As I sit here eating my coffee and cake, I take minor consolation in the fact that, at least I’m learning/writing Torah at the same time. (Was there any nutritional value in what I just ate?) And when I think about the way I eat, and how many times I do so quite unconsciously, I wonder what kind of sacrifices I have brought in the past!
Furthermore, when I look at the way society approaches the whole topic of eating (indicative most, perhaps, from the entire concept of “fast food”), I wonder how much potential atonement is going out the window unused. And, I am reminded of the following as well:
Rebi Yochanan and Reish Lakish said: When the Temple stood, the altar atoned for a person. Now the table of a person atones for him (Rashi: when he feeds guests; Chagigah 27a)
Hence, though the actual bringing of animal sacrifices ceased with the destruction of the Second Temple, the process and atonement that they caused can live on to our benefit–in a Torah lifestyle for the person with a disposition for challenge and growth. Through such an approach to life, one’s own eating habits can count as “a pleasing fragrance to G-d.”
The priest will atone for the person who sinned, and he will be forgiven. (Vayikra 4:35)
We don’t know what we lost. We don’t know what it means to be able to bring a sacrifice and atone for sins we have committed before G-d, and how much we lack in life because was can’t. However, even before the Temple was built, it had been a concern of Avraham Avinu’s:
It is written, “He [Avraham] said, ‘G-d, how can I know that I will inherit [Eretz Yisroel]?’ ” (Bereishis 15:8) … Avraham said to The Holy One, Blessed is He, “Master of the Universe! Perhaps Israel will sin before You, G-d forbid, and You will do them as You did to the Generations of the Flood and the Dispersion?”
He told him, “I won’t.”
He said before Him, “But Master of the Universe, how can I know?”
He answered him, “Bring Me a three-year old calf … (15:9)” (That is, they will offer sacrifices to atone for their sins, and avoid Divine wrath.) He said before Him, “Master of the Universe, that is fine during Temple times [when they can bring sacrifices], but what about when the Temple is not standing … [–how will they atone for their sins then]? He told him, “I have already established the order of sacrifices, and just reading them will count as if they offered them before Me, and I will forgive their sins!” (Megillah 31b)
If you look in the average traditional siddur, you will find a section before the “Introductory Psalms” (Pesukei D’Zimra) that includes many passages from the Torah and the Mishnah dealing with the sacrifices and other Temple services. In case you were wondering what they were doing there, now you know. If case you were wondering whether or not it is worthwhile to come to shul a bit early and say them, the above quote from the Talmud should make it easier to decide.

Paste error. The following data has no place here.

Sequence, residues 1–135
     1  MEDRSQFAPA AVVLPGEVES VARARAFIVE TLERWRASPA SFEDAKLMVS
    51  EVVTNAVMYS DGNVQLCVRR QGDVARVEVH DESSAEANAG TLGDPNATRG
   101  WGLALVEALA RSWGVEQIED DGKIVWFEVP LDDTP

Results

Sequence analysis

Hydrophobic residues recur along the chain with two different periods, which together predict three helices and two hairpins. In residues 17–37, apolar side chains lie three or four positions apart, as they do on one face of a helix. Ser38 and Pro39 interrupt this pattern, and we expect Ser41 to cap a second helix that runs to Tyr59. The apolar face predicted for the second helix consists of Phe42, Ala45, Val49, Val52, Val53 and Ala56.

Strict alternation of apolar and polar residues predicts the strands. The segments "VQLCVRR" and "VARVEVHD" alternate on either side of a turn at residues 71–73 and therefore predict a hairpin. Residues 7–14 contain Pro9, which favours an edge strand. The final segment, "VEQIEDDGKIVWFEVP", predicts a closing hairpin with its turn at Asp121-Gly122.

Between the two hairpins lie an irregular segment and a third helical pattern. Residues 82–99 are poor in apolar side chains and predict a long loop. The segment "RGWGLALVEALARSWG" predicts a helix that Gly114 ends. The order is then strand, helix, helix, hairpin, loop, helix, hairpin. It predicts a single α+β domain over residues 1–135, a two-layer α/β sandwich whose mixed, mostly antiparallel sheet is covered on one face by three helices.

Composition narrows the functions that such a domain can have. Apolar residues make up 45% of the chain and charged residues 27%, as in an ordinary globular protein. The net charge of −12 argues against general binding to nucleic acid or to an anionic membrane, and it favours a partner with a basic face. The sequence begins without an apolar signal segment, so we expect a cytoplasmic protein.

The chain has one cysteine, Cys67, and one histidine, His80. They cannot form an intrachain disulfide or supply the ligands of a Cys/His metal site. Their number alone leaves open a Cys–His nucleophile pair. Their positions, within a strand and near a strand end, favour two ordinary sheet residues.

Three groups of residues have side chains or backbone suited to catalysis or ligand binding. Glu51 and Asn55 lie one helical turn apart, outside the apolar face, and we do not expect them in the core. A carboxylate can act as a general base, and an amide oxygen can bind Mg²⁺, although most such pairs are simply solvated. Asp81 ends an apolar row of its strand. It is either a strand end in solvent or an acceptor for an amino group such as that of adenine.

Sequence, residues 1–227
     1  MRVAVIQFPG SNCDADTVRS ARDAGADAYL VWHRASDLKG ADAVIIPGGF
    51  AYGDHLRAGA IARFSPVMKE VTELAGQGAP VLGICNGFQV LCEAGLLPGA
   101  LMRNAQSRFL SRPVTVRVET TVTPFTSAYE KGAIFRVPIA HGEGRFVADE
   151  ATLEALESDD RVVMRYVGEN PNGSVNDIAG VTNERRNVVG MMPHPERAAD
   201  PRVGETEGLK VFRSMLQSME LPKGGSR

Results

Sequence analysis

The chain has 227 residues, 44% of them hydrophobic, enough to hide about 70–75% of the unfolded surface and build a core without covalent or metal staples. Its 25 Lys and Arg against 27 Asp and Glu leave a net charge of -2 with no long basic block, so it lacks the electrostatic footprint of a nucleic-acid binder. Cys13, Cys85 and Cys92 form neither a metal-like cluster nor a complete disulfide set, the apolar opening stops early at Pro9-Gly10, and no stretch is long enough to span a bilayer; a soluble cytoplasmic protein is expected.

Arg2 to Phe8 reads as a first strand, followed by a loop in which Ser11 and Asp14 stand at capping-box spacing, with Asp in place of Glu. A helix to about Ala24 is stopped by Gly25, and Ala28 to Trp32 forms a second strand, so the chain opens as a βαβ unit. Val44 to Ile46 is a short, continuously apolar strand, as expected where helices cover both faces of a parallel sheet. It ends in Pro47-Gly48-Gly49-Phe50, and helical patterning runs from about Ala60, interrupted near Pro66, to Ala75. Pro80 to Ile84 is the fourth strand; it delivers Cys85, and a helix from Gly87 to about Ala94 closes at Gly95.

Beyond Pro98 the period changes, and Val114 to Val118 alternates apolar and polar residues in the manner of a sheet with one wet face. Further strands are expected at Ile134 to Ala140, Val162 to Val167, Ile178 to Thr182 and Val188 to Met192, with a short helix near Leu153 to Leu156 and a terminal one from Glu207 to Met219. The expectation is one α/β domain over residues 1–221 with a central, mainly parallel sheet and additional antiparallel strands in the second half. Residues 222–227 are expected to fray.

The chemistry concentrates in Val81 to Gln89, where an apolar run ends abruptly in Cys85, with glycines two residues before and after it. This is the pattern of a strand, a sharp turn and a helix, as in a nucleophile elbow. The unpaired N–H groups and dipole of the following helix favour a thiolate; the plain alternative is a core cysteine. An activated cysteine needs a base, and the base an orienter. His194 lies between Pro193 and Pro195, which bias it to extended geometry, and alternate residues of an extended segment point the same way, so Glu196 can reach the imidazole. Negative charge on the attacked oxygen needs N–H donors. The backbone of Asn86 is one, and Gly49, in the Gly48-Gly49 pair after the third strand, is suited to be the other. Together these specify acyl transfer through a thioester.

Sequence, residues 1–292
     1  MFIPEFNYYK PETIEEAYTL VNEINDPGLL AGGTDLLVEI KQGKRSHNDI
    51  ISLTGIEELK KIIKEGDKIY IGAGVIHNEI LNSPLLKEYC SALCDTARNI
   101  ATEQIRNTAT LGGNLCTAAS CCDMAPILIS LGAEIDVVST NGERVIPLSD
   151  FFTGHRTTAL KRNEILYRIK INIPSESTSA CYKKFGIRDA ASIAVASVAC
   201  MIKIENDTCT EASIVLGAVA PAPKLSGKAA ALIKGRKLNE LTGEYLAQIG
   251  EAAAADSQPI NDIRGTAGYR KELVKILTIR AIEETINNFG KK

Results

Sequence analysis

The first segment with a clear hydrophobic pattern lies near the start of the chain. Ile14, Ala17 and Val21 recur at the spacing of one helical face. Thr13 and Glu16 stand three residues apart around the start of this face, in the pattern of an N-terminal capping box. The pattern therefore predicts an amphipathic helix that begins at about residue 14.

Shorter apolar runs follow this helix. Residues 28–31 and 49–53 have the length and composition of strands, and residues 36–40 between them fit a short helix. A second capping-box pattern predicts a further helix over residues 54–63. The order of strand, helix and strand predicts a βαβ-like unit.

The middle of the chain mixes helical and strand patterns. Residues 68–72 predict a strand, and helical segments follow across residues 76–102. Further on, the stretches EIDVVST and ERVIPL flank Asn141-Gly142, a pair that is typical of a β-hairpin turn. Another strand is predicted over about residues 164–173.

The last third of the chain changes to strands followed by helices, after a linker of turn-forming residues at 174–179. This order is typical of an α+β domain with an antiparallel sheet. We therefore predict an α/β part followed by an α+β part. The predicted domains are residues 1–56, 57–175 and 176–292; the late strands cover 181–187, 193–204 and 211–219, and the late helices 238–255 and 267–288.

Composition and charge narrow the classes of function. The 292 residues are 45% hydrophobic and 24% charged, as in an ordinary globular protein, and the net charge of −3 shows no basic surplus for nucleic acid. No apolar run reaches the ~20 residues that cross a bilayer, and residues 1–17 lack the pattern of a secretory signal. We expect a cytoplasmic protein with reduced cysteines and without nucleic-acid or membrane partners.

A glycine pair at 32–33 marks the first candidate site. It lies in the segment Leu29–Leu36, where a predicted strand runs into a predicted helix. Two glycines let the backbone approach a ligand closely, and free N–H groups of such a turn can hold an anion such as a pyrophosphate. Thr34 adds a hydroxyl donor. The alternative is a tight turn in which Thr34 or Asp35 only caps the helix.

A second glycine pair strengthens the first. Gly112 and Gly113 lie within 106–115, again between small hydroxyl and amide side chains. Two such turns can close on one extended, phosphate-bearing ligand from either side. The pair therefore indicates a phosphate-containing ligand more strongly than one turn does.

“But,” you may ask, “the Temple service was very involved. Bringing an actual animal sacrifice and offering it up was far from being as easy as opening a siddur and uttering a few paragraphs! How can our words compare to their actions?”
It is a good question. Fortunately, there is an even better answer, and it is a good lead-in to Pesach.
In the book, “Redemption to Redemption,” the importance of speech is a central topic, and explained in detail. In short, we have the following two quotes:
G-d formed man from dust of the ground and breathed into his nostrils a living soul, and the man became a living spirit. (Bereishis 2:7)
A living spirit: A speaking spirit. (Onkeles)
According to Targum Onkeles, the main impact of the soul that G-d gave to man, which made him different from all other living beings within creation, was speech. Indeed, speech is not merely another tool to help mankind function in the physical world, like walking, or like the use of our thumbs. Speech itself is indicative of our whole raison d’être, as the Talmud makes clear:
R’ Elazar said: Every man was created to toil, as it says, “Because man was made to toil …” (Iyov 5:7). Now, I do not know if that means to toil through speech, or in actual labor; however, once it says, “A toiling soul toils for him, for his mouth compels him.” (Mishlei 16:26), I know that a person was created to toil with his mouth. I do not know, though, if this means to toil in Torah or just in regular conversation. However, once it says, “This Torah should not leave your mouth …” (Yehoshua 1: 8), I know that man was created to toil in Torah [through speech]. (Sanhedrin 99b)
Hence, the name of the holiday “Pesach,” which, on one hand comes from the Hebrew word that means to “pass over,” but, on a deeper level, says the Maharal, can mean: peh sach–the “mouth spoke.” This is why the chief antagonist in the story was Paroah, whose name can be written: peh ra’ah–evil mouth, and why the chief protagonist was Moshe, whose “strength was in his mouth.” This is also why Paroah enslaved the Jewish people with labor that the Torah refers to as b’pharach, but which the Talmud interprets to mean: peh rach–with a soft mouth!
That is just the beginning of the story and the hints. However, it serves to remind us that the gift of speech is precisely that–a tremendous gift! As we learn from the episode of the manna (also in “Redemption to Redemption,”), and when Moshe brought forth water from the rock by hitting it as opposed to speaking to it, speech represents our ability to transform the physical reality through a spiritual means.
Hence, if one merely says the sacrifices as he would read any book, it is true–the effect is limited. But if one repeats the words with the sense of the Talmud quoted about, and with the Targum’s interpretation in mind, then one can well appreciate how doing so can count as if the act was actually performed, and atonement was actually achieved.
Have a great Shabbos,